What I meant to say was...
Updated: Jun 4
It seems lately I’ve found myself that when put in a position where I’m being asked what I think about something or even just to comment on what the latest movement has been, made by an individual in recovery, I’m left wondering if the words that I’ve said have been absorbed with the intentions that they were set out for.
In a perfect world, the only emojis set on my phone would be smiley faces, thumbs up, peace signs, and hearts. Recognizing that words ARE powerful, they irrevocably lack the elements of emotions necessary to truly say what it is you were setting out to say. Think of all the things you’re missing?
You are missing intonation, facial expression, softness or harshness of your voice, uncomfortable ...or comfortable pauses, an overall warmth... or lack thereof. Without these, I feel that often my message hasn’t been presented as I wanted it to. Of course, this is always after the fact, when that ‘up arrow’ was pressed way too anxiously than it should have been.
And I think we’re all guilty of it... I mean we have to be. Don’t tell me that you haven’t at some point sent a message or a post and then after the fact... maybe seconds, maybe hours... maybe days even where you say to yourself “dang, I really should have thought that one through.... and I hope he/she/they got what I meant by that."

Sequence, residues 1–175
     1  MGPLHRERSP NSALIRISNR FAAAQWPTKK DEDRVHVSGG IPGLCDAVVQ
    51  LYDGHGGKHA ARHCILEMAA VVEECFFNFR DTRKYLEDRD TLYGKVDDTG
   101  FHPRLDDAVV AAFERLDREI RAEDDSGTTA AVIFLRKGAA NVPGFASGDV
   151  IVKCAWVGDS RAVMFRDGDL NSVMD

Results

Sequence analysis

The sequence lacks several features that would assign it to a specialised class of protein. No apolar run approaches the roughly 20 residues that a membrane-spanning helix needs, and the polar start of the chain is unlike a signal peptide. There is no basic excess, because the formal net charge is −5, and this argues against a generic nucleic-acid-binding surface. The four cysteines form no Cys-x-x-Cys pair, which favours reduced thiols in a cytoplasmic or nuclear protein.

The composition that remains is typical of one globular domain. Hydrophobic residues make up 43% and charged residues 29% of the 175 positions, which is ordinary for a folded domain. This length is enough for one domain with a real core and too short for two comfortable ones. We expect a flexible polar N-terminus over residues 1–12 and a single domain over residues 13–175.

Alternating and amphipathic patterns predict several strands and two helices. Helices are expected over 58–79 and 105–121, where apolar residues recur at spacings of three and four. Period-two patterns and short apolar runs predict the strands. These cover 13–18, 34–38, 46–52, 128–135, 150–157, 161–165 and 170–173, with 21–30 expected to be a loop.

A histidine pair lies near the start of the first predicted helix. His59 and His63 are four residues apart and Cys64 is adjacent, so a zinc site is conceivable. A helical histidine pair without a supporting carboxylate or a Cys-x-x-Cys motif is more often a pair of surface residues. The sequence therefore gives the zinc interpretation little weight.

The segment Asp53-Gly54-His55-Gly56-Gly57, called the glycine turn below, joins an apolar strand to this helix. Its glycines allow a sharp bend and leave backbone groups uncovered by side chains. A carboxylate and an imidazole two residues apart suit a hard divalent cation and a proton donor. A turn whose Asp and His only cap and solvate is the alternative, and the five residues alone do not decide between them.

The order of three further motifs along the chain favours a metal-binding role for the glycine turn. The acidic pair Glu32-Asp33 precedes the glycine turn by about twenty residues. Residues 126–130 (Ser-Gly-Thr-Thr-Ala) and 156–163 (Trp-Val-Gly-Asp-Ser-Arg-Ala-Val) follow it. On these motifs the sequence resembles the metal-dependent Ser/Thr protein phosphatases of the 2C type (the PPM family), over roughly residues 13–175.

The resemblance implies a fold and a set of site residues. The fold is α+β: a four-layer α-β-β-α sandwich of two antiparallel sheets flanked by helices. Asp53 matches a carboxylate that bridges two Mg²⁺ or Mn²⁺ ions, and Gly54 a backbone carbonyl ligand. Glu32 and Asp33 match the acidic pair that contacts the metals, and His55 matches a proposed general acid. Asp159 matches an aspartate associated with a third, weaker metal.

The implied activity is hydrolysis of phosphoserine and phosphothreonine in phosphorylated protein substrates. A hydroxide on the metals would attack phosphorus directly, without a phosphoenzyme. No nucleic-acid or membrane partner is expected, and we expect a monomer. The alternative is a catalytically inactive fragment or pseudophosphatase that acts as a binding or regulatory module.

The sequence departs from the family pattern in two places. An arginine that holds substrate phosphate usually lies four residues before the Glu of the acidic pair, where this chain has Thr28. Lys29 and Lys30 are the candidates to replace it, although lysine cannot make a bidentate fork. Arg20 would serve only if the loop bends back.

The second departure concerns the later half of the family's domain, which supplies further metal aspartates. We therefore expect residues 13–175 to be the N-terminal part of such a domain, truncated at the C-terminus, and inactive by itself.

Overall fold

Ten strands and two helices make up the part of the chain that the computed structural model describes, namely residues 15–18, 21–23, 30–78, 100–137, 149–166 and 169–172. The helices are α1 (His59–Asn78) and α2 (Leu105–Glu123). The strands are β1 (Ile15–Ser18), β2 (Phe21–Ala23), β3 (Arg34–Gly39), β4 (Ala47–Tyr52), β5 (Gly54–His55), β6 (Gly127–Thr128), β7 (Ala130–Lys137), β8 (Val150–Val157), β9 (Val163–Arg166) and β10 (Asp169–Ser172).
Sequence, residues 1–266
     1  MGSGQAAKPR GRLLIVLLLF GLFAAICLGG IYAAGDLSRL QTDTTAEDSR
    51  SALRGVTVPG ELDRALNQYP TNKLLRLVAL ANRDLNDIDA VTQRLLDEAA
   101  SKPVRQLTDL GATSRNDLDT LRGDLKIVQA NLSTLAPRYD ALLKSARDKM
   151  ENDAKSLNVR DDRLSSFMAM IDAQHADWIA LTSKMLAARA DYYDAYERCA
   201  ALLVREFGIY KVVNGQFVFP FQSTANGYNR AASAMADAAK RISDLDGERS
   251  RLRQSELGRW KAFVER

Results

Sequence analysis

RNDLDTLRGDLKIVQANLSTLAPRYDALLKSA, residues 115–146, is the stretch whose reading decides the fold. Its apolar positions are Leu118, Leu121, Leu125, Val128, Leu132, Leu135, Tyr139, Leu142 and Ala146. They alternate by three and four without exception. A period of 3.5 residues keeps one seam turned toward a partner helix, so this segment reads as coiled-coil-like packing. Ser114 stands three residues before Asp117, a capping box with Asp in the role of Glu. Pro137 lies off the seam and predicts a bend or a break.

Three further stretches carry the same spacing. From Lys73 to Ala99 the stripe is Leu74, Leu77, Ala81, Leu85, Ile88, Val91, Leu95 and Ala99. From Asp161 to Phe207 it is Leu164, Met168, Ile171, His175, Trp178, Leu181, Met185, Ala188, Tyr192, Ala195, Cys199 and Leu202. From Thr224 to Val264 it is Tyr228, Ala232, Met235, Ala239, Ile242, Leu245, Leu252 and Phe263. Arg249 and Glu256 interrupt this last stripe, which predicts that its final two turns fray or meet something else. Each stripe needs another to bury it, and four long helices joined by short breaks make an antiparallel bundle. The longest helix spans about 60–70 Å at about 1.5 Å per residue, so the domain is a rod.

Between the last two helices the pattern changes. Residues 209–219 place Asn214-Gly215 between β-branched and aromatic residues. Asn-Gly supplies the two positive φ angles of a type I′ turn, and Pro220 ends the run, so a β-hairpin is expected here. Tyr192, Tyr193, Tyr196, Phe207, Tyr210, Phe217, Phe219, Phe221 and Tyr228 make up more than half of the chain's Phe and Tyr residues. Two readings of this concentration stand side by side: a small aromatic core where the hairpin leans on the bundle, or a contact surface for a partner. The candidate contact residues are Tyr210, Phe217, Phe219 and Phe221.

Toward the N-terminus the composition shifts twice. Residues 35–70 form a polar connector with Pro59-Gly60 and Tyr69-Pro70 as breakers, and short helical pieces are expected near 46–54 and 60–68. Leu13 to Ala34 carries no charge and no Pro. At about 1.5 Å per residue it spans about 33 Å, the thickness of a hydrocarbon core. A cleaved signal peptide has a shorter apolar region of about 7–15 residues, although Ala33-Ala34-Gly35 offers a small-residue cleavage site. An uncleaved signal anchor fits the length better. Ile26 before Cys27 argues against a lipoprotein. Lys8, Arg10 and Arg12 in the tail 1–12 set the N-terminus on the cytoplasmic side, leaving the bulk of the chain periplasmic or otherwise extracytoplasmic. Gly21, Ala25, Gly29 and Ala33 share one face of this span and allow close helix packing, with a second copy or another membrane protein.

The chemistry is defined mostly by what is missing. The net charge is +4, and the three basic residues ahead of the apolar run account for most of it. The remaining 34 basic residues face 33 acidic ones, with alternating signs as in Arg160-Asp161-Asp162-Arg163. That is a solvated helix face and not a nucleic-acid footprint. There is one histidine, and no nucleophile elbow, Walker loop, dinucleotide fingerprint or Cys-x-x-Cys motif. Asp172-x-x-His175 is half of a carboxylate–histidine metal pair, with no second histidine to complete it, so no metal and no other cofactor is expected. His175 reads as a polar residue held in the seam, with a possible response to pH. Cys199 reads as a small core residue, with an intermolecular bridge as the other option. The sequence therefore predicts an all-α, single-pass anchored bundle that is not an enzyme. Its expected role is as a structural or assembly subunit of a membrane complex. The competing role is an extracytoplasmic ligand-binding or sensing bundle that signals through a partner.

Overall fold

But still it sits there.. living in that “cloud” where in this case truly is living up to its name. Hanging over and taunting you, leaving you thinking... “that conversation would have gone sooo much better with a good old fashioned phone call.”
And I’m not saying that our communication in this world hasn’t been made more efficient and effective.. of course it has. We have entered this whole new dimension where you no longer have to initiate passing along “what’s on your mind.” You just have to be ready for everybody and their mother to know it. (Literally, because you share with someone and they share with their friends, and they have their mother added as their friend.. well, you get my point.) Not to mention the ‘shared’ button or ‘tagged in’....because since Internet communication has become the norm, let’s face it. It makes billboards on the expressway seem like child’s play.
What I’m getting at is; talking about, sharing about, or giving advice about recovery and the disease of substance abuse is a sensitive topic, and I’ve found myself having to be more mindful and cautious when I’m trying to converse with another individual via new technology.
At the very least, I’m convinced there should at least be a warning label of some kind on Facebook saying "Do not operate when emotionally charged."
P.S I'm Grateful